Rep. Madison Cawthorn, R-N.C., called Ukrainian President Volodymyr Zelenskyy a "thug" last Saturday, arguing that the Ukrainian government, now under siege by the Russian military, is "incredibly corrupt" and "incredibly evil."
"Remember that Zelenskky is a thug," Cawthorn said during a town hall in his home state last week. "Remember that the Ukrainian government is incredibly corrupt and is incredibly evil and has been pushing woke ideologies."
The comment, reported by longtime Republican operative Karl Rove in The Wall Street Journal on Wednesday, is even harsher than the rhetoric of most of his right-wing colleagues, who, over the past several weeks, have slowly praised Zelenskyy as they hesitantly condemn Putin.
On Wednesday, House Minority Leader Kevin McCarthy, R-Calif., pushing back against Donald Trump's supportive comments, said that he doesn't "think anything's savvy or genius about Putin.""I think Putin is evil," the lawmaker said during a press conference. "He's a dictator. And I think he's murdering people right now."
Senate Minority Leader Mitch McConnell has likewise called Putin a "ruthless thug."
Even Trump, who has long praised Putin and initially called his incursion "genius," has finally called Russia's invasion of Ukraine "appalling."
It remains unclear what Cawthorn's line of reasoning was last Saturday. But a spokesperson for the lawmaker told Insider Cawthorn "supports Ukraine and the Ukrainian President's efforts to defend their country against Russian aggression, but does not want America drawn into another conflict through emotional manipulation."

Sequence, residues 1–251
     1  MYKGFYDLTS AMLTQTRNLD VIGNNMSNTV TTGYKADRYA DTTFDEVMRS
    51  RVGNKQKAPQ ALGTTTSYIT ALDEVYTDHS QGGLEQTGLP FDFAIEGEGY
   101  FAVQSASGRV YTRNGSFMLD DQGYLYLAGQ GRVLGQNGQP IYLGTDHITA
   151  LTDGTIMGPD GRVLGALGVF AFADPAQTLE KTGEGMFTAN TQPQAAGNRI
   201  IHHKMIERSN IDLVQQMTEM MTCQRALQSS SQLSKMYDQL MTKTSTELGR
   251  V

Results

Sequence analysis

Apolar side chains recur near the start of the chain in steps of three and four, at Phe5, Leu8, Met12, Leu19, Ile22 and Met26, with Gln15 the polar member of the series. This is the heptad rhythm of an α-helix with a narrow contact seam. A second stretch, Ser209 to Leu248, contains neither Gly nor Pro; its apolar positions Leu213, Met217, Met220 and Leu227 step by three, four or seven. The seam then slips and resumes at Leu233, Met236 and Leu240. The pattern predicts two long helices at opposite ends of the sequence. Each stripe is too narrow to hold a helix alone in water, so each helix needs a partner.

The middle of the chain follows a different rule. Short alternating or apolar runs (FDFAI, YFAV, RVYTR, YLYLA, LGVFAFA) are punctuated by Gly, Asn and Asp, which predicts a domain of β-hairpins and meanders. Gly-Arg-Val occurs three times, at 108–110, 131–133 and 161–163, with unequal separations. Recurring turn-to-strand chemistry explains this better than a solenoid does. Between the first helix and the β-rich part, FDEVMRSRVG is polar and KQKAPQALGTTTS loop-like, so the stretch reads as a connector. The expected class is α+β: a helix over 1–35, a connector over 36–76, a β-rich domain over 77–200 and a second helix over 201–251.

"The Congressman was expressing his displeasure at how foreign leaders, including Zelensky, had recently used false propaganda to entice America into becoming involved in an overseas conflict," the spokesperson added.
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On Thursday, Cawthorn appeared to follow-up his remarks by claiming that while "Putin's actions of Putin and Russia are disgusting," Zelenskyy is also attempting to entice the U.S. into waging a military intervention with a concerted propaganda campaign.
"Leaders, including Zelenskyy, should NOT push misinformation on America," he tweeted. "Pray also we are not drawn into conflict based on foreign leaders pushing misinformation.
According to The New York Times, Ukrainian officials have spread dubious videos and made unverified claims about the war. But by and large, the outlet reported, that propaganda "is largely focused on its heroes and martyrs, characters who help dramatize tales of Ukrainian fortitude and Russian aggression."
"If Ukraine had no messages of the righteousness of its cause, the popularity of its cause, the valor of its heroes, the suffering of its populace, then it would lose," said Peter W. Singer, a strategist and senior fellow at New America, told the Times. "Not just the information war, but it would lose the overall war.